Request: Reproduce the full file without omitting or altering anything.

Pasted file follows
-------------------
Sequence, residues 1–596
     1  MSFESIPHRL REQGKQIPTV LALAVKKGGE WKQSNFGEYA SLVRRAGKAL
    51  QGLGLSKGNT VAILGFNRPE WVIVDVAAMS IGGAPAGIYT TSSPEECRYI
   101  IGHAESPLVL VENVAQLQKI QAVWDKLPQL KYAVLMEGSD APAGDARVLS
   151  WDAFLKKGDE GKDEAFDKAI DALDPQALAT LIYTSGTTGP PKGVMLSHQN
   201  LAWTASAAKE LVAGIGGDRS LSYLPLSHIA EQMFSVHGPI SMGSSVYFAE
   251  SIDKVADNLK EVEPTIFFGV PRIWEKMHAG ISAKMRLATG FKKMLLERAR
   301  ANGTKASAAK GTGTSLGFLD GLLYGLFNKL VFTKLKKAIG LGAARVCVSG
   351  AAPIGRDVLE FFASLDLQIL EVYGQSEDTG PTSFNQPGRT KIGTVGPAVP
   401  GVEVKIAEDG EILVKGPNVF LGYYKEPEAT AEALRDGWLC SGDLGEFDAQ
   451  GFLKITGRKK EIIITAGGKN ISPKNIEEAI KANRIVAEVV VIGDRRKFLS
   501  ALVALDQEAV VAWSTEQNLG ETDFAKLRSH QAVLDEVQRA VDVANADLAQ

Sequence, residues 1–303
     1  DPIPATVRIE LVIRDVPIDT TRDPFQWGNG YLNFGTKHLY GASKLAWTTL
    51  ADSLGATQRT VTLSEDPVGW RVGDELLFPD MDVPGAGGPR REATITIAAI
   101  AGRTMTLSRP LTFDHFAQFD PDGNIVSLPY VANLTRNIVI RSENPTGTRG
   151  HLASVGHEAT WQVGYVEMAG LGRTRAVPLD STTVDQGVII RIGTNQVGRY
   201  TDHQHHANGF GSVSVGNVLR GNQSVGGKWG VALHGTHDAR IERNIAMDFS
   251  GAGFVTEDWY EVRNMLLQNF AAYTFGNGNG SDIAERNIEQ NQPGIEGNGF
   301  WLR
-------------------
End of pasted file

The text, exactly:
Sequence, residues 1–596
     1  MSFESIPHRL REQGKQIPTV LALAVKKGGE WKQSNFGEYA SLVRRAGKAL
    51  QGLGLSKGNT VAILGFNRPE WVIVDVAAMS IGGAPAGIYT TSSPEECRYI
   101  IGHAESPLVL VENVAQLQKI QAVWDKLPQL KYAVLMEGSD APAGDARVLS
   151  WDAFLKKGDE GKDEAFDKAI DALDPQALAT LIYTSGTTGP PKGVMLSHQN
   201  LAWTASAAKE LVAGIGGDRS LSYLPLSHIA EQMFSVHGPI SMGSSVYFAE
   251  SIDKVADNLK EVEPTIFFGV PRIWEKMHAG ISAKMRLATG FKKMLLERAR
   301  ANGTKASAAK GTGTSLGFLD GLLYGLFNKL VFTKLKKAIG LGAARVCVSG
   351  AAPIGRDVLE FFASLDLQIL EVYGQSEDTG PTSFNQPGRT KIGTVGPAVP
   401  GVEVKIAEDG EILVKGPNVF LGYYKEPEAT AEALRDGWLC SGDLGEFDAQ
   451  GFLKITGRKK EIIITAGGKN ISPKNIEEAI KANRIVAEVV VIGDRRKFLS
   501  ALVALDQEAV VAWSTEQNLG ETDFAKLRSH QAVLDEVQRA VDVANADLAQ

Sequence, residues 1–303
     1  DPIPATVRIE LVIRDVPIDT TRDPFQWGNG YLNFGTKHLY GASKLAWTTL
    51  ADSLGATQRT VTLSEDPVGW RVGDELLFPD MDVPGAGGPR REATITIAAI
   101  AGRTMTLSRP LTFDHFAQFD PDGNIVSLPY VANLTRNIVI RSENPTGTRG
   151  HLASVGHEAT WQVGYVEMAG LGRTRAVPLD STTVDQGVII RIGTNQVGRY
   201  TDHQHHANGF GSVSVGNVLR GNQSVGGKWG VALHGTHDAR IERNIAMDFS
   251  GAGFVTEDWY EVRNMLLQNF AAYTFGNGNG SDIAERNIEQ NQPGIEGNGF
   301  WLR